Chapter 14: Historic Communities Developed with Biological Principles

Below are some examples of communities that contain healthy biological principles. Historically, a community consisted of an urban core or village, surrounded by nature and farmland. This historic pattern has a cellular structure. It has a boundary that is based on a walkable distance to its town center. It has farmland to carry out its needed food production, and a nucleus that directs the activity of the cell. Several of the following communities are based on this pattern.

Santa Fe, New Mexico – Santa Fe was developed by the Spanish based on their Laws of the Indies. This was a treatise written by the Spanish crown on how they would develop their new communities in the Americas. They looked to establish key institutions in their communities; political and religious, with the goal of creating a sustainable economy. Government provided law and order, the church provided meaning, and the economy provided the needed resources to sustain the community.

Looking at the aerial below, we see a road network that looks like a spider web, with the central plaza (1-acre) as the focal point. The community is very walkable with small streets and small blocks, its downtown functions like a large house. With the plaza acting as an intimately scaled living room for the community.

St. Augustine, Florida – St. Augustine is another former Spanish colony, that was founded in 1565. It is also centered around a small plaza (1.3-acres). In St. Augustine, the plaza sits overlooking the intercoastal waterway, indicating the importance of water access to its economy. Like Santa Fe, St. Augustine was developed with its political and religious institutions at its center. It roads are also laid out at a walkable and intimate scale.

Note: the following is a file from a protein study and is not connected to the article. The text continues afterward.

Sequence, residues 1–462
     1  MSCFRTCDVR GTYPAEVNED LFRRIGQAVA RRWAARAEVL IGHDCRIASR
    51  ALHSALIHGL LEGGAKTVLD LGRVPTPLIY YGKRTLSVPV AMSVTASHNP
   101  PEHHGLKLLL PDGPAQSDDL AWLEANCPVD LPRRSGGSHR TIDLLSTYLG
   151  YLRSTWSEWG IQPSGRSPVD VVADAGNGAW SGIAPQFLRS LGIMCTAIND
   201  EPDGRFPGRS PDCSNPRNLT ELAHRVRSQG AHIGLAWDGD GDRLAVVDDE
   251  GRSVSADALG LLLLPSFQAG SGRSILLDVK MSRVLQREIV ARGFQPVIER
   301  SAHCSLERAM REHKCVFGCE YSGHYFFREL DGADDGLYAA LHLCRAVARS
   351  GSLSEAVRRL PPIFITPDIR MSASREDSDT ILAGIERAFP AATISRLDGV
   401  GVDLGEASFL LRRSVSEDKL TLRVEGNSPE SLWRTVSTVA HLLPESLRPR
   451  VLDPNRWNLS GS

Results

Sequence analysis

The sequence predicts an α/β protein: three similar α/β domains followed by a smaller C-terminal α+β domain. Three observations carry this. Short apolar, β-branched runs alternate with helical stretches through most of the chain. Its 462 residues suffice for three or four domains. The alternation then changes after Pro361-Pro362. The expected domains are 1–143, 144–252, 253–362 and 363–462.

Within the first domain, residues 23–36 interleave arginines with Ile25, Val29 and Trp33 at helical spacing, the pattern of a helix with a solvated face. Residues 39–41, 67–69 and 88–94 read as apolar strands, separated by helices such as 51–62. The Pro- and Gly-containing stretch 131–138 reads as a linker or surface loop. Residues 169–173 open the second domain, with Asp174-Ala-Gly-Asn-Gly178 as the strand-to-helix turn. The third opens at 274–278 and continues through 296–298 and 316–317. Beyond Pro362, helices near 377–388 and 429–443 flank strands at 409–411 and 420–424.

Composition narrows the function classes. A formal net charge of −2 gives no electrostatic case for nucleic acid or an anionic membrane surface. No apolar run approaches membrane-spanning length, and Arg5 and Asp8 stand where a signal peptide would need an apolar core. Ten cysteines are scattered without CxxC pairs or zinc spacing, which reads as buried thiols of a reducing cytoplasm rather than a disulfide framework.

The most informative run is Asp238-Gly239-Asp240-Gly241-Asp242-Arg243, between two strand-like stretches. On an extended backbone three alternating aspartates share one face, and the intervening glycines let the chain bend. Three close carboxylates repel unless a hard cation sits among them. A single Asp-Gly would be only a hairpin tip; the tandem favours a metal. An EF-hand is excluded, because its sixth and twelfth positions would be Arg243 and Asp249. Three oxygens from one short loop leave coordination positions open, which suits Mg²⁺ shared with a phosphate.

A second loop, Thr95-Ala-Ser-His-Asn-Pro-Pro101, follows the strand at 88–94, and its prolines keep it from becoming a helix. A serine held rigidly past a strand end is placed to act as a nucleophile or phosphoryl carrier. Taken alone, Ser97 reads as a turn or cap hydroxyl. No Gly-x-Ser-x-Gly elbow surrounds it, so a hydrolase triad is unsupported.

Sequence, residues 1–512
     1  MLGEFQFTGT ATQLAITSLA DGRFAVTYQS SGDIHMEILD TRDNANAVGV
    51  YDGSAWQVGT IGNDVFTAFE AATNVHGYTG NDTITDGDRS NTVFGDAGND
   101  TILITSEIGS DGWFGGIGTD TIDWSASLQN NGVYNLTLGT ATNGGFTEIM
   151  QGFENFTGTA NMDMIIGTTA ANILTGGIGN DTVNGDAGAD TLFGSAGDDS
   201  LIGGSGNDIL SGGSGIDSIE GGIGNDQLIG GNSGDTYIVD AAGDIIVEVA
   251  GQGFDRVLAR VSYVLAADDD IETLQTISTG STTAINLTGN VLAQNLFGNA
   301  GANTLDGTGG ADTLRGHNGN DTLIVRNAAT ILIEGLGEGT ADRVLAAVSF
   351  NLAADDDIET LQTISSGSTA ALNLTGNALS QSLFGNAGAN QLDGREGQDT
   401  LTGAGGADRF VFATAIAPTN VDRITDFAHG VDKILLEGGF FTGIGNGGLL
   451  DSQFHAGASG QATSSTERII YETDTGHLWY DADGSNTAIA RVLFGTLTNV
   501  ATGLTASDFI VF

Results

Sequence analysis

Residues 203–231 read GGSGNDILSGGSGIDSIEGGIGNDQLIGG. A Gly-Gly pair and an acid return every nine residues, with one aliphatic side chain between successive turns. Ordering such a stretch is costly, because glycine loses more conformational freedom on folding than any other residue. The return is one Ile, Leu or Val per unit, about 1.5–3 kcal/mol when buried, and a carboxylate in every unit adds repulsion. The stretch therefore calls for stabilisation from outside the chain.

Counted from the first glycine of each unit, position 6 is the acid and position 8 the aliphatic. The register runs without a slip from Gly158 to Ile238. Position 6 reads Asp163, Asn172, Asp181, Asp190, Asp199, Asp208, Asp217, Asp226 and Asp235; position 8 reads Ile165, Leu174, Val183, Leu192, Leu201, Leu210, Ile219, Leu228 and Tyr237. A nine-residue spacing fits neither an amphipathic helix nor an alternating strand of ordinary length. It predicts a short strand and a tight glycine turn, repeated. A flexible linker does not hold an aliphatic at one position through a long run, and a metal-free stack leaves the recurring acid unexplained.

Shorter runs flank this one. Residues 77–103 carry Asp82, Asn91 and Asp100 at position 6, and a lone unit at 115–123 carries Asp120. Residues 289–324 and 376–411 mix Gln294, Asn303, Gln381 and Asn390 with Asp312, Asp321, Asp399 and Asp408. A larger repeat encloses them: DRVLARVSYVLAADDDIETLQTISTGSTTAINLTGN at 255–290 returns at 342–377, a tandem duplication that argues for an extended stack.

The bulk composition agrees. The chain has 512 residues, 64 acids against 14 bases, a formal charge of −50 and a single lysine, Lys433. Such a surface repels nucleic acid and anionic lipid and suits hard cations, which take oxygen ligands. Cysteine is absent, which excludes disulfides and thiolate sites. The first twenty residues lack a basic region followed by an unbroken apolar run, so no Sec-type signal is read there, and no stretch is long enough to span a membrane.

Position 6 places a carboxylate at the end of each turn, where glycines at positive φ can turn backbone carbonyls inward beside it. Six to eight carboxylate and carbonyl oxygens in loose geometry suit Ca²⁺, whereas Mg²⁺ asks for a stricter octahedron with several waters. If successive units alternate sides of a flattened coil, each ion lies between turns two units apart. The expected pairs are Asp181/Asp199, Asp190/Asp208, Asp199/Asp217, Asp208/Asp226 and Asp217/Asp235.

Below is a map of the original walled town. Based on the layout, it looks like it was developed under the direction of the governor. His house was strategically located at the end of the central plaza, overseeing his community, like a spider in his web. The original town was just under 100-acres.

Savannah, Georgia - Oglethorpe's concept for Savanna was based on European models, he gave each member of the community a lot in the village and a large plot of land outside of the village to farm. His design for the community has a cellular structure, creating a number of small parishes, each centered around a small square (0.5 to 1.5-acres each). Many with their own well and church.

Williamsburg, Virginia – Williamsburg was established as the capitol of the Virginia Colony in 1699. It was laid out under the supervision of Governor Francis Nicholson. It was the center of political, religious, educational, and economic life for the community. The English had established these key institutions, their DNA, at Williamsburg so it could grow and prosper.

The Governor wanted to create a grand city as the colony’s capitol. You can image him overseeing its develop, looking to create a well-run community that he could be proud of and he could enjoy living in. He functioned as the controlling force for the development of this living system, the community.

Winter Park, Florida – Winter Park was established in 1885. It was developed by real estate developers that wanted to attract northerners to come and stay during the winter. Its centerpiece is a 10-acre central park. Today the park contains a couple of fountains, a rose garden, a covered stage for performances, and the train station. The park functions as the living room for the community, promoting a sense of integration for its residents.

As you can see from the aerial below, the downtown area is very walkable. Park Avenue links many of the community’s key institutions, along with commercial establishments, and its Central Park. Winter Park’s major draw has been its chain of lakes. However, over time its public access has been greatly diminished with the closing of its lakefront hotels, and their replacement with private residences.

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Read Chapter 15: Problem with Today’s Communities – Sprawl Creates Dis-Integration